Too Much Togetherness Solution: A Hat
As a child I remember my great aunt saying irritably, “I promised you ‘for better or for worse’ but not for lunch!” This was her main complaint about Uncle Joe’s retirement. For 49 years she had cooked daily breakfasts and dinners, but at lunchtime she had been on her own.
After my husband’s and my retirement, lunches together have been a treat. Our first jolt from our increased togetherness, however, came from our loss of uninterrupted time at home. Before our retirement we each had an office elsewhere and, because we worked on different schedules, we also had hours of solitary time at home. Suddenly, here was the beloved partner at home for most of the time.
For about a week, this added contact was a pleasure. But then we both began to feel crowded. Each of us felt free to make a comment or ask a question at any time, and we both felt inclined to say something whenever we walked through a room occupied by the other one. This tendency first seemed natural, but soon we began to get grumpy. We each wanted more uninterrupted time — time alone just for thinking, reading, writing — not behind a closed door, but with access to the whole house without having to be responsive or be polite. Fortunately, we found an easily arranged, cost-free, and nearly stress-free solution that changed things dramatically.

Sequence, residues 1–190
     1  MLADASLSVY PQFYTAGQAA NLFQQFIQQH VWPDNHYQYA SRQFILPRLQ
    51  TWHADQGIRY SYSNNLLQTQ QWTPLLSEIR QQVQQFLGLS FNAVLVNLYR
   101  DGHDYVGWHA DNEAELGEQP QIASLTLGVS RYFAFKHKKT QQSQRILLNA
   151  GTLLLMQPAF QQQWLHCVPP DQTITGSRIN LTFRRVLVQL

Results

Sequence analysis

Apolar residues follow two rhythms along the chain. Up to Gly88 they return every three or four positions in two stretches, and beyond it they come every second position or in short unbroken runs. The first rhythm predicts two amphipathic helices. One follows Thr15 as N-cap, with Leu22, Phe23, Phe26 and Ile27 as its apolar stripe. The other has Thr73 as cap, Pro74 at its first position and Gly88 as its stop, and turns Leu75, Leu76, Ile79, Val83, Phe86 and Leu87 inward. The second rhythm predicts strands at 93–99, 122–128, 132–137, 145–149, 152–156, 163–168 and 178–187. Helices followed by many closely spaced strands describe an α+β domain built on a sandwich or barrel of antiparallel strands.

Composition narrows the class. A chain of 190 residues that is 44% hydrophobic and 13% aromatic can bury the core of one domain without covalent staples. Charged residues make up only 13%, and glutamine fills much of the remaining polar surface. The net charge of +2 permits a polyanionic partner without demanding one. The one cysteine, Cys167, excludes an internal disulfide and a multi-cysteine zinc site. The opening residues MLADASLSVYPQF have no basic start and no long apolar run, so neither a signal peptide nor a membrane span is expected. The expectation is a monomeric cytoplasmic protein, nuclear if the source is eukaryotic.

Our solution: a hat.
Whenever either of us feels a need for uninterrupted time, on goes the hat. This signals that, for all intents and purposes, the hat-wearer is absent. And it works both ways. The rule is that if you are wearing a hat you too cannot start talking or asking questions. First the hat must come off.
This device may sound silly but it has made a huge difference. Not only does wearing the hat create boundaries for the hat-wearer, but it also provides more space for the partner.
Initially my husband wore the hat more easily than did I. He was delighted to find that, even when I needed to go in or out of the room where he was working, he could ignore my presence and write on as if he were alone. My surprise was that whenever he wore the hat I felt as free as he did. I could walk past him without feeling obligated to ask how things were going or even to acknowledge his presence.
I have been somewhat less comfortable putting on the hat myself. Should I be utterly unavailable? When my husband comes looking for me but says nothing because of my hat, I feel twinges of concern that stem from my early training that a wife or mother is always available for anyone in the family, except perhaps for herself.